It was a particularly fine afternoon, so Algy flew over to one of his favourite viewpoints. On a day as clear as this, it was possible to see for 40 miles or more in three directions from this spot. In the east lay the mauve mountains of the mainland, to the north lay the impressive Isle of Skye, and in the west lay the beautiful islands of the Hebrides. Algy gazed at the idyllic view, and – reflecting on the fact that it was Armistice Day – he remembered an old sonnet:

          The upland shepherd, as reclined he lies
          On the soft turf that clothes the mountain brow,
          Marks the bright sea-line mingling with the skies;
          Or from his course celestial, sinking slow,
          The summer-sun in purple radiance low,
          Blaze on the western waters; the wide scene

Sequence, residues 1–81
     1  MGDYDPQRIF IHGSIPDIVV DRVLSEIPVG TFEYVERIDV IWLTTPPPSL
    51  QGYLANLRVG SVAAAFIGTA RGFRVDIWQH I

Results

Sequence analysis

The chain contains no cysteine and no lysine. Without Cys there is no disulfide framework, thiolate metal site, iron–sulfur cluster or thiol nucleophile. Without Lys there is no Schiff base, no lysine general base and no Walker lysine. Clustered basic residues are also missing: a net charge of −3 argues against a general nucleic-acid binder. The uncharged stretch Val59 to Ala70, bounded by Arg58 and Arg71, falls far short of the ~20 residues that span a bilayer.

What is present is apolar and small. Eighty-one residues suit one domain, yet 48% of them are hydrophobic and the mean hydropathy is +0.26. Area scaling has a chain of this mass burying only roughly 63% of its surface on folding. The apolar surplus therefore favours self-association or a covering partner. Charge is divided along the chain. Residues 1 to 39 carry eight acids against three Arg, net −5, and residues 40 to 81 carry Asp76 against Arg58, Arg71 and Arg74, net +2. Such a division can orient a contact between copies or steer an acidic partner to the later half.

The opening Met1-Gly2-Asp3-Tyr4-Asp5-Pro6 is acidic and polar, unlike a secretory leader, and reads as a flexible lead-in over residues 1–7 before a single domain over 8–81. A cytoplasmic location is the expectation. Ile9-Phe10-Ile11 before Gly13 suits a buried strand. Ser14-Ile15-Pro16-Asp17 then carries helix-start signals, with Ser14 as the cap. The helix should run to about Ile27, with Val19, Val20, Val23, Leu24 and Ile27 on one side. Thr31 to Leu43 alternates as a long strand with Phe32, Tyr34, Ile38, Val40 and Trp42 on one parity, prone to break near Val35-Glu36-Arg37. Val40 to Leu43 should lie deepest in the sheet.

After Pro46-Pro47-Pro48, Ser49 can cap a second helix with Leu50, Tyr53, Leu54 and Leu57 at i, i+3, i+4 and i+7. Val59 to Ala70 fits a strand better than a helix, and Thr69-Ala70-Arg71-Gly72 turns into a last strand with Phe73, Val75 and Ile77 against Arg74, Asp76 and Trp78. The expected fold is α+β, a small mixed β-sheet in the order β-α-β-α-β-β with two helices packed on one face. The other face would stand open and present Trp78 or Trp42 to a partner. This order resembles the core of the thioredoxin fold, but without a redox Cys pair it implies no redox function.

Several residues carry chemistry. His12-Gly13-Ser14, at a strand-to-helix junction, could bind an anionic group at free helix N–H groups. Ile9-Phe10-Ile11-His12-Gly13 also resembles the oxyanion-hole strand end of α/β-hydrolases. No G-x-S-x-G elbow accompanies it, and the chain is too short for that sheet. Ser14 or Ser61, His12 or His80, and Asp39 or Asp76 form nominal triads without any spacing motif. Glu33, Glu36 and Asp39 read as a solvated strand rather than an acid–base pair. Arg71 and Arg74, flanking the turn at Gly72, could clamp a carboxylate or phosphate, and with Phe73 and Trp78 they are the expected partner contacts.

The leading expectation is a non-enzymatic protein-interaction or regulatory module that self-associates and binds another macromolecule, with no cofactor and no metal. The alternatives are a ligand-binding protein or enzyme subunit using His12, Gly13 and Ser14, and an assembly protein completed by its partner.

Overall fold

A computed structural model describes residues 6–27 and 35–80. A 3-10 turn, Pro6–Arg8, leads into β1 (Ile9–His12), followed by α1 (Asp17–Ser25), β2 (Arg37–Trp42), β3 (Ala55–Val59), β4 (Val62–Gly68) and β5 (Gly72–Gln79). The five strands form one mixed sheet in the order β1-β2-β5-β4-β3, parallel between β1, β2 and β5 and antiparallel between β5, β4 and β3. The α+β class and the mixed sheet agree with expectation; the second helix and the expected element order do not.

Magnificent, and tranquil, seems to spread
          Even o’er the rustic’s breast a joy serene,
          When, like dark plague-spots by the demons shed,
          Charged deep with death, upon the waves, far seen,
          Move the war-freighted ships; and fierce and red,
          Flash their destructive fires – The mangled dead
          And dying victims then pollute the flood.
          Ah, thus man spoils Heaven’s glorious works with blood!

[Algy is quoting Sonnet LXXXIII The Sea View by the 18th century English poet Charlotte Turner Smith.]


Remembrance Day 2012


On Remembrance Day, Algy perched on a low stone wall by the loch and thought sadly of the terrible damage done to the world and its creatures by war.

He quietly hummed An Eala Bhàn – The White Swan – a haunting Gaelic song with lyrics written by a poet from the island of North Uist while in the trenches of WWI during the Battle of the Somme in 1916.

Listen to this lovely version of An Eala Bhàn sung by North Uist’s own Julie Fowlis.